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When the economic lockdown came into effect, we were flagging that governments needed to address the shock to business cash flows so that they could remain afloat and be able to restart when the lockdown would be eased. Many businesses had their revenues plunge dramatically or go to zero, while many costs would remain in place—a key one being rent.
Yesterday, we highlighted the news that REITs in Canada were reporting that many businesses were in a state of non-payment on their rent. This illustrated the financial strains that businesses are encountering.
So it is very welcome news today that Prime Minister Justin Trudeau announced the new Canada Emergency Commercial Rent Assistance (CECRA) program. Notably, policies related to rent are a provincial responsibility, so the federal program has been negotiated with the support of all provinces and territories.
The CECRA will provide forgivable loans to qualifying commercial property owners to cover 50 percent of monthly rent payments by eligible small business tenants experiencing financial hardship during the months of April, May, and June. The provinces and territories will cover an additional 25 percent of the rent payments, so expect new announcements from each of the regional governments on this topic. The program will be administered by the Canadian Mortgage and Housing Corporation.
The CECRA is for small business tenants who are paying less than $50,000 per month in rent and who have temporarily ceased operations, or have experienced at least a 70 percent drop in pre-COVID-19 revenues. The loans will be forgiven if the property owner agrees to reduce the eligible small business tenant’s rent by at least 75 percent for the three referenced months. The property owner must pledge not to evict the tenant while the agreement is in place. The small business tenant would cover the remainder, up to 25 percent of the rent. The program is expected to be in operation by mid-May.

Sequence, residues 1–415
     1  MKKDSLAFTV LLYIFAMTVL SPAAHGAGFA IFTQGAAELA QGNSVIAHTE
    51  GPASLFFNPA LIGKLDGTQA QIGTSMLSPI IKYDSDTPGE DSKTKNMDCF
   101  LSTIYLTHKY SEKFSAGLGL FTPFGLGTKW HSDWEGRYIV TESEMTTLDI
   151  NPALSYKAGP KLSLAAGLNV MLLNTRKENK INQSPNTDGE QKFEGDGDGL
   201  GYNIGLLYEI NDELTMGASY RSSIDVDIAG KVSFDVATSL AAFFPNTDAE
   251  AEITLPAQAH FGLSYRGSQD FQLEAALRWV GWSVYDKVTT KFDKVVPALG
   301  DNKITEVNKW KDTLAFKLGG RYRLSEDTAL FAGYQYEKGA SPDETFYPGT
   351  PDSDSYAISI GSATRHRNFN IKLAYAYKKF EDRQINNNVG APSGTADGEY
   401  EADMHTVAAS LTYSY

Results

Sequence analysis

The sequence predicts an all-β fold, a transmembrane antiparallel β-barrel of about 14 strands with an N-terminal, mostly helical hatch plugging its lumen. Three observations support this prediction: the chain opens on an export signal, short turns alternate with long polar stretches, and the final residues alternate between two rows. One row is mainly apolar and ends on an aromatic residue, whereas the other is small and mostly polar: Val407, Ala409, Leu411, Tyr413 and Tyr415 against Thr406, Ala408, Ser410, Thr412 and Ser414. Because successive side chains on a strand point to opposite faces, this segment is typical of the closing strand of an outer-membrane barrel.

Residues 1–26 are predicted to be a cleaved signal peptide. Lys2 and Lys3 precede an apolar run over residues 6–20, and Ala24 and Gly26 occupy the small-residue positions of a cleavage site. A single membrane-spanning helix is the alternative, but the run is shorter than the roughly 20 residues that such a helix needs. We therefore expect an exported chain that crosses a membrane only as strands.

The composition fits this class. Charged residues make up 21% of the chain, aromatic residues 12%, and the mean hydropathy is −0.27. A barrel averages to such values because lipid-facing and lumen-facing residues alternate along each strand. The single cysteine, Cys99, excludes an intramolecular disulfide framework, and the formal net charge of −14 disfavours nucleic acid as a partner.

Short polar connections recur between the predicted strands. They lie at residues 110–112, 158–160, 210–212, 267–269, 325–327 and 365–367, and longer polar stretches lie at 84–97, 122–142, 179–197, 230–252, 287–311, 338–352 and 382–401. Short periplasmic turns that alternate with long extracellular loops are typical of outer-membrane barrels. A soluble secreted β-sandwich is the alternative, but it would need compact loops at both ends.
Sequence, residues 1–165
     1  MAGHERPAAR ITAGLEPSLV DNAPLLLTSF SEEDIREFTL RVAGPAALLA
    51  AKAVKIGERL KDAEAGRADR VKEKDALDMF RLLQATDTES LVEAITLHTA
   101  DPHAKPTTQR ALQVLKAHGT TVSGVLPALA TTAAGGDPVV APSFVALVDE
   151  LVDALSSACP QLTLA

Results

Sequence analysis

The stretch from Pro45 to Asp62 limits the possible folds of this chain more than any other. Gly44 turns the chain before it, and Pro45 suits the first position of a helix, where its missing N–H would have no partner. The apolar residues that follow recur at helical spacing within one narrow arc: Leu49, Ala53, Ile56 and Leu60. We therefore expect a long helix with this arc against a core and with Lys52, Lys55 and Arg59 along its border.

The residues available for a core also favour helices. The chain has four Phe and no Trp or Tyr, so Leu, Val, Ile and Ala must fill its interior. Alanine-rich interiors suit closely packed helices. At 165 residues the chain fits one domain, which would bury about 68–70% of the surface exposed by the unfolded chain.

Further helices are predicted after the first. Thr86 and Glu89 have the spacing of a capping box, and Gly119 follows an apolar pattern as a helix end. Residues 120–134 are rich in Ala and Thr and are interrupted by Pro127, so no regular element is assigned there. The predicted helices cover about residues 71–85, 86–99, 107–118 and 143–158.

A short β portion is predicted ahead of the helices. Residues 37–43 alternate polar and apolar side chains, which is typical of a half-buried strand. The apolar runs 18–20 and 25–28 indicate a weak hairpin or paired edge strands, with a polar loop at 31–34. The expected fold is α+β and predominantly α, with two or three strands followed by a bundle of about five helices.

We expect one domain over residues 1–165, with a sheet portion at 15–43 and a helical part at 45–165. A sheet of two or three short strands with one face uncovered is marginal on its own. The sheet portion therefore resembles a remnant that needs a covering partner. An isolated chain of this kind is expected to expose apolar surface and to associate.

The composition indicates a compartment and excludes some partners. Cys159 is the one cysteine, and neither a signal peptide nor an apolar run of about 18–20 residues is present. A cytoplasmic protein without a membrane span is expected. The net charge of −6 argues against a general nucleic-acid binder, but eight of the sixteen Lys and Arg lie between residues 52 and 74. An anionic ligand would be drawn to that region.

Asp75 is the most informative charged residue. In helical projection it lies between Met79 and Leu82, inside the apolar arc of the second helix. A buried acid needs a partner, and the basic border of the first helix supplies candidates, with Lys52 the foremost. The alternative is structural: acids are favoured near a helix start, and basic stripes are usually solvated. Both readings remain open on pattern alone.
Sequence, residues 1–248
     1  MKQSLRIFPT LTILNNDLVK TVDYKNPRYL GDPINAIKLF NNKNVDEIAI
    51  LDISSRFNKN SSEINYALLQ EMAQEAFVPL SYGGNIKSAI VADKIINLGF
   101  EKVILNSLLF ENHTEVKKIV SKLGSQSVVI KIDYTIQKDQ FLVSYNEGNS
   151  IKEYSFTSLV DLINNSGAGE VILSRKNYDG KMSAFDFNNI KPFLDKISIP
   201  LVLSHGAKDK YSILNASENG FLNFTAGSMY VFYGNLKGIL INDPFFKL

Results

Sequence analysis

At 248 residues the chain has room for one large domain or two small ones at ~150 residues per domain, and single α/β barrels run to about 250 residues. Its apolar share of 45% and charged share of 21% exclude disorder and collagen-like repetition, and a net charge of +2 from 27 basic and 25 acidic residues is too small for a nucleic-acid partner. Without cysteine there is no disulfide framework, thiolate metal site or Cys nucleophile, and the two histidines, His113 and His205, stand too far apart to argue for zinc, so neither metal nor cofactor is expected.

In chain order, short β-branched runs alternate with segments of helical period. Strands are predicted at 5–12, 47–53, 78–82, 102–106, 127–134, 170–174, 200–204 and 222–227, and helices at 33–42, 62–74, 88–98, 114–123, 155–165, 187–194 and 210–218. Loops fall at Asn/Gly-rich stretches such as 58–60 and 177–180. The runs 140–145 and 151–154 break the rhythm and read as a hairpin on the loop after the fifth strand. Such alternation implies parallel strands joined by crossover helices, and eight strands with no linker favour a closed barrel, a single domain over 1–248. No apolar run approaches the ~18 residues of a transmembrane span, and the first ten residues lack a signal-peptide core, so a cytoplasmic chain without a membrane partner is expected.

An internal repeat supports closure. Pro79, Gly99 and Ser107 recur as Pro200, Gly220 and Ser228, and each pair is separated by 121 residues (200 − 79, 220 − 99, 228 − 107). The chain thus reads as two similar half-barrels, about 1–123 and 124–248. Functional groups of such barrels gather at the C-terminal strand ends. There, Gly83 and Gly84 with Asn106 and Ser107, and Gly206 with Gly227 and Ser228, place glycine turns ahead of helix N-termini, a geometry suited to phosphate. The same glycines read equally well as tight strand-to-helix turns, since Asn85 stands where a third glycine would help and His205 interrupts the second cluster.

The Prime Minister said that the government will have more to say on rent for larger businesses in the coming days.
It was a quiet day on the economic data front.
Craig Alexander is the first Chief Economist at Deloitte Canada. He has over twenty years of experience in the private sector as a senior executive and leading economist in applied economics and forecasting. He performed macroeconomic research, regional and sector analysis, and fiscal market forecasting and modelling. Craig is a passionate public speaker and holds a graduate degree in Economics from the University of Toronto.